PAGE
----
Chapter 13
Directory-Based Discovery
With a large number of Web services deployed within and across enterprises, the ability to
locate endpoints or get more information about them is a key need. One approach to meet this
need is to use a set of known directories. For Web services, a UDDI directory can be used. An
alternate approach using dynamic discovery is described in Chapter 15, “Dynamic Discovery
UDDI is a specification for interacting with a Web services registry. This registry can be the
public implementation hosted on the Internet or any private registry hosted on the Internet,
an extranet, or internally to an organization. While the UDDI nomenclature is developed
around the notion of businesses, services, and behaviors (tModels), it can be applied more
generally as a registry of any Web service. UDDI also makes heavy use of metadata associated
with each registry entry.
In our example scenario, the protocol for interacting with the Order service described earlier
in the WSDL section in Chapter 11, “Metadata Example,” is registered as a behavior (tModel).
Once this behavior is registered, the order management service, as an implementation of this
behavior, can be added to the registry as well. Information about the order management ser-
vice can then be retrieved through a series of search and retrieval operations.
In our example scenario, Microsoft Press hosts an extranet UDDI registry to help partners and
customers locate the appropriate Web services to support their applications.
UDDI tModels
UDDI tModels are used to register specific behaviors. For our example scenario, a single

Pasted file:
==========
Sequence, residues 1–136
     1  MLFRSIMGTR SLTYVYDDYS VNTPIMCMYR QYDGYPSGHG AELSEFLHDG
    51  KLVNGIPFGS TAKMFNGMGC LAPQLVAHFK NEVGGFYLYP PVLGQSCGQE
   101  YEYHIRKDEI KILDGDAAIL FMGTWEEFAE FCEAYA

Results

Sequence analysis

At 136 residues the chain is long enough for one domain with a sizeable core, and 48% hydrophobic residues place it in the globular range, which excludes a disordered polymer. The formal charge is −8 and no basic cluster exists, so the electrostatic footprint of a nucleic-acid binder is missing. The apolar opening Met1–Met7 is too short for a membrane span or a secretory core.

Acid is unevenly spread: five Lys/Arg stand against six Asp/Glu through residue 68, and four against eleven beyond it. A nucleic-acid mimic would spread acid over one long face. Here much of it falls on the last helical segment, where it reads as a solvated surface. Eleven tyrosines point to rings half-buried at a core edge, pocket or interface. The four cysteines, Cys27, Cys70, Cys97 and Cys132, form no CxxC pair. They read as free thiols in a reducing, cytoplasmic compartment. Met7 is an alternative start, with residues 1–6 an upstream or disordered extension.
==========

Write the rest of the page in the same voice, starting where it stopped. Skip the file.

tModel is registered for the order management service. A tModel entry consists of descriptive
information, a unique identifier, metadata, and administrative details.
UDDI tModels
(01) <tModel
(02) tModelKey="uuid:984765-2222-3333-4444-123456129874"
(03) operator="mspress.microsoft.com"
(04) authorizedName="admin@mspress.microsoft.com">
(05) <name>MSPress Purchase Order</name>
(06) <description xml:lang="en">PO service behavior</description>
84 Part II: Example Scenarios
(07) <overviewDoc>http://ex.mspress.microsoft.com/po/po.wsdl</overviewDoc>
(08) <identifierBag>...</identifierBag>
(09) <categoryBag>...</categoryBag>
(10) </tModel>
Line 02 Each tModel is assigned a universally unique identifier, UUID, when it is registered.
This UUID serves as a key for retrieving more information about the entry.
Line 03 The operator attribute is used primarily when UDDI registries are federated to indi-
cate which instance originally stored the entry.
Line 04 The authorizedName attribute specifies which UDDI registry account is used to cre-
ate and maintain the entry.
Lines 05–06 A human-readable name is provided for convenience, along with descriptions of
the tModel in multiple languages.
Line 07 The overviewDoc element can be used to reference documentation or other
resources for the behavior. In our example, it directly references the WSDL description
for the Purchase Order Web service.
Lines 08–09 Additional metadata can be associated with each entry to help with searching
and discovery. The identifierBag element can contain a list of unique identifiers that are
associated with the entry, and the categoryBag element can be used to specify a list of
taxonomy values.
Once the tModel is registered in UDDI, implementations of that tModel follow. In UDDI
nomenclature, the organization hosting the Web service is registered as a BusinessEntity, with
multiple BusinessService(s). A bindingTemplate associates a BusinessService with its imple-
mentation. Examples of this nested structure are shown below.
UDDI Business Entities
(01) <businessEntity
(02) businessKey="uuid:11111111-2222-3333-4444-555555554444"
(03) operator="mspress.microsoft.com"
(04) authorizedName="admin@mspress.microsoft.com">
(05) <discoveryURLs>
(06) <discoveryURL useType="businessEntity">
(07) <discoveryURL>
(08) </discoveryURLs>
(09) <name>Order Management Service</name>
(10) <description xml:lang="en">
Services related to customer service and order management.
(11) </description>
(12) <contacts>
(13) <contact useType="Sales">
(14) <personName>Chris Kurt</personName>
(15) <email>mailto:christopher_kurt@hotmail.com</email>

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